It’s the classic set-up. Brian’s wife, Esther, is out of town. He meets a woman named Alice. They connect intellectually, in a way he and Esther don’t. Brian and Alice are thrown together on a case. Brian’s friend Gerry picks up on all this and comments, “Esther’s just left town, and he’s at it already!” And Alice brings him soup one day at work because he mentioned Esther was out of town and he can’t cook – we all know what that means, right? She even shares, in answer to a random question from Brian, that she didn’t realize she wanted a family until it was too late to have one, which is too bad.
Clearly, we’re up for some sexual tension, right? At the very least, there will be some longing glances, or awkward brushings of hands followed by awkward glances, or something. Or maybe at the very end, she’ll watch him leave, and we’ll realize she had a crush on him, poor dear, and he never noticed her. I mean, there’s got to be something sexual, right? There’s a law about this, I’m fairly sure.
All these things occur in an episode of “New Tricks“, but at no point is there the slightest hint that these two characters are romantically compatible, let alone interested in one another. At the end, with the case solved as much as it will ever be, Alice brings Brian a rhododendron for Esther because he mentioned she likes them. They say their goodbyes and off Brian goes, and Alice turns back to her plants, and that’s that.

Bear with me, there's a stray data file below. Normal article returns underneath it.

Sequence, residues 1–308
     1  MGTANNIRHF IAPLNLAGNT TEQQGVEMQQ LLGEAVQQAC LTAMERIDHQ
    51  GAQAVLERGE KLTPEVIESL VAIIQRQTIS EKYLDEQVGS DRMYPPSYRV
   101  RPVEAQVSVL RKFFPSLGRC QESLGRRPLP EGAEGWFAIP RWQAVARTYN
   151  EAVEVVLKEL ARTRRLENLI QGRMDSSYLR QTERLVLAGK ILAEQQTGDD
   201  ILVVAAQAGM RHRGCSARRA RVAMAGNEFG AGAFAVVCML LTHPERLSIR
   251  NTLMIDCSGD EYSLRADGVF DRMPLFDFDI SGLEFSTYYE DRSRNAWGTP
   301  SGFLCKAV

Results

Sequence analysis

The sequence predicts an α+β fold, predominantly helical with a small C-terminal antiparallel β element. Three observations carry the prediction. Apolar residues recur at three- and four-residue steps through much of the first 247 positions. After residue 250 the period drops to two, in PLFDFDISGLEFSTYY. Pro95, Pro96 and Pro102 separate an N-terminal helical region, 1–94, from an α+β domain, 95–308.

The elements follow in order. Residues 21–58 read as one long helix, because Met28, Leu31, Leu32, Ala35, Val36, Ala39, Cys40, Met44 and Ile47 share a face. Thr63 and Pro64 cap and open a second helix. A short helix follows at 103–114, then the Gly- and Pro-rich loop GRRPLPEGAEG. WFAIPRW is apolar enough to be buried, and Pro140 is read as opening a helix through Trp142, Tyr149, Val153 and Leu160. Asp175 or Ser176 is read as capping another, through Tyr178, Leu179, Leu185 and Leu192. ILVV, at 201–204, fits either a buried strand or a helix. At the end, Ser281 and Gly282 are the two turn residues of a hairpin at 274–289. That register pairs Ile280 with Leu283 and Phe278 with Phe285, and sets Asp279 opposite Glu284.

I could be wrong, but I swear the writers are deliberately setting up an old cliche for the purpose of not following through on it, thus refreshing the brains of viewers long accustomed to the more predictable outcome.
Yes, Virginia, grown-ups do sometimes meet sexually compatible and attractive people with whom they connect in a completely non-sexual way. TV has been lying to you.